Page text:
Why Write: Contemporary Fantasy with Jason Crawford

Readers, welcome Jason Patrick Crawford, a fantasy writer and one of my very cool Tweeps. He’s here to talk about contemporary fantasy and he has some fantastic things to say about how a contemporary setting gives traditional fantasy a fresh new way for modern readers to relate. Check it out! 

Hello, Jason, and welcome! Tell us a little about yourself and your work.

I’m a 31-year old veteran who has been married for 9 years this May. I have three sons, aged 6, 3, and 5 months, and I work as a high school chemistry teacher at Pete Knight High School in Palmdale, CA. I’ve always been interested in writing, ever since my own high school experience when I was in gifted English classes and we did creative writing assignments, but I never really made an effort until my sister-in-law decided that she was going to write a book. She, my wife, and I all thought it would be a great idea to have a “writing circle” to support each other, and I found that I enjoyed writing more than…well, more than pretty much anything else I’ve done (besides my family, of course!)

What made you decide to write contemporary fantasy?

It was the first story that popped into my head. Seriously. I’ve had the germs of the ideas for my first two novels, The Drifter and Chains of Prophecy for years, kind of the “wouldn’t it be cool if there was a book about this” thing. I love the idea that there could be magic hidden in our world, where most people can’t see it, don’t recognize it, but are affected by it.

What types of stories does contemporary fantasy make possible?

I think that contemporary fantasy allows an author to tell archetypical stories in a way that make readers comfortable and make the characters more relatable. For instance, while I love epic fantasy and ancient mythology, it is easy for me to look askance at, say, “campfire scenes” where the author writes for pages about the discussions around a campfire simply because I’ve never been on a months-long quest in the wilderness; if, however, a contemporary fantasy author writes about a conversation on an airplane, it’s easy to imagine. Easy to buy into. This lets me tell legends without losing my audience’s interest.

What audience do you think contemporary fantasy attracts? How does that alter the types of stories you tell and characters you write?

I think that contemporary fantasy attracts a few different types of people, but the people that I try to speak to most (because I am one of those) are the ones who think the world would be a better place with a little more magic, a little more mystery, a few more heroes. I like to tell stories about relatively normal people who get thrown into situations they couldn’t have predicted, couldn’t have expected, and yet they decide to do the right thing anyway, even when it’s easier to walk away.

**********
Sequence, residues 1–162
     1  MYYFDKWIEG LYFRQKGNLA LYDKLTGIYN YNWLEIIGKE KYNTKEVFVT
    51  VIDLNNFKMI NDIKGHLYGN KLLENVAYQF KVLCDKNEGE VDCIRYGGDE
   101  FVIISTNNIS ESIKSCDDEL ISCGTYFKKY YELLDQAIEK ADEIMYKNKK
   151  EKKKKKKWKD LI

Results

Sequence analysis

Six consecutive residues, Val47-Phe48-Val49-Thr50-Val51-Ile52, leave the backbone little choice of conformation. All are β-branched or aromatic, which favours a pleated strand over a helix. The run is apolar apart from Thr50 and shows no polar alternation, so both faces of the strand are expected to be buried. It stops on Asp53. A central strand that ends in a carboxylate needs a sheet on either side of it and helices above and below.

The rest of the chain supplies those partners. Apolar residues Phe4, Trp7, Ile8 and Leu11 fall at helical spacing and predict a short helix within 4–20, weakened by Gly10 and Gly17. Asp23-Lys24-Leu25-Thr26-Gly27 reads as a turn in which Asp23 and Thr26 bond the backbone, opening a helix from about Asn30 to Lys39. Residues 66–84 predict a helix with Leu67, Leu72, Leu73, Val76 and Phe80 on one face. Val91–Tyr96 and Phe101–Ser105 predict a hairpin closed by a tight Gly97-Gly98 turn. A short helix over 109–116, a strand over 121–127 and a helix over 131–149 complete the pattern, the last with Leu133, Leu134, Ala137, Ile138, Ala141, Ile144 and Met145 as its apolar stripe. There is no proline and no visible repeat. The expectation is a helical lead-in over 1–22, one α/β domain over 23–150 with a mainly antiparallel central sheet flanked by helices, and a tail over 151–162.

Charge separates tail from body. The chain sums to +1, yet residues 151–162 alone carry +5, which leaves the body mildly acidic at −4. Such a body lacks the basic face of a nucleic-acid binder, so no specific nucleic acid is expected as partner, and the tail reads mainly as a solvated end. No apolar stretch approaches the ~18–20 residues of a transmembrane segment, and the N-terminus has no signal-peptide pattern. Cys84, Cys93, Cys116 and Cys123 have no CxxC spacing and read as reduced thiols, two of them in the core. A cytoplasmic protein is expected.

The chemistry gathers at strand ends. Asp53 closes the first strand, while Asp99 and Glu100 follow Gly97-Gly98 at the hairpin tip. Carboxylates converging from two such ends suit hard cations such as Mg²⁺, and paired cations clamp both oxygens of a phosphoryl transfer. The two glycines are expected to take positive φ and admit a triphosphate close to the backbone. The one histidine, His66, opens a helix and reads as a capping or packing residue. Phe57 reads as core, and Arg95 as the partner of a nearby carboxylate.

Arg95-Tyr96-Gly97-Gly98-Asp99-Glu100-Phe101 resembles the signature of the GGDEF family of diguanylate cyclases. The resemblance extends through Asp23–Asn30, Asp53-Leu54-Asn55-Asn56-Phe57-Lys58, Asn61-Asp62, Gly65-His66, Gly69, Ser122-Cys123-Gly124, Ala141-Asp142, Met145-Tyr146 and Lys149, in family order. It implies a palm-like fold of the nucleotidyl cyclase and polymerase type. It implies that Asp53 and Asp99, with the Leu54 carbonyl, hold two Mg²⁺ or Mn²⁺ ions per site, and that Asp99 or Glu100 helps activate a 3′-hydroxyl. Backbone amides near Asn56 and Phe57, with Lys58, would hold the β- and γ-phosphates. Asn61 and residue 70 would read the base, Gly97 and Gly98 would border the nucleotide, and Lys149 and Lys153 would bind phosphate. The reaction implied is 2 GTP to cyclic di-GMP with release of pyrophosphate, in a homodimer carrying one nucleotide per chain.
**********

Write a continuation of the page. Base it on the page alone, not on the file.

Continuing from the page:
How does contemporary fantasy affect the stakes for your characters and your audience?

Contemporary fantasy allows the reader to get truly invested in the characters. It’s easy to imagine yourself in the place of, say, an accountant from California, but it might be harder to visualize being a sword-swinging barbarian from Kaledonia (I have no idea if that’s been used in a novel, any resemblance is coincidental). Of course, epic, sword-and-sorcery fantasy is amazing, and if the writing is good then it’s completely engrossing, but I like to put myself in the character’s shoes when I read, and the more connections I can make with him/her, the better.

As for the characters, they have to deal with the fact that, generally, what they’re doing, what they’re experiencing, is NOT known to society at large. No one would believe Sam, the protagonist in Chains of Prophecy, if he ran to the police to tell them that someone stole his mother’s ancient book of spells and they’re using them to enslave angels. They have to discover what is real, what isn’t, and, usually, they have to figure out how to deal with it by trial and error, which is always fun 🙂

Why do you think people love to read contemporary fantasy? How do you think the genre affects its audience?

Besides the qualities that make anything worth reading, I’d say that contemporary fantasy is popular because it provides an element of escapism and wonder. Just imagine if the world of, say, Harry Potter or Percy Jackson were real; how would that change the way one sees, hears, perceives everything? Imagine knowing that there was magic about, but not knowing where to find it, exactly. You’d see it everywhere! I think that this is a gift given by the authors of contemporary fantasy to their audiences – the banal, everyday monotony of existence can be broken up, just a bit, by magic.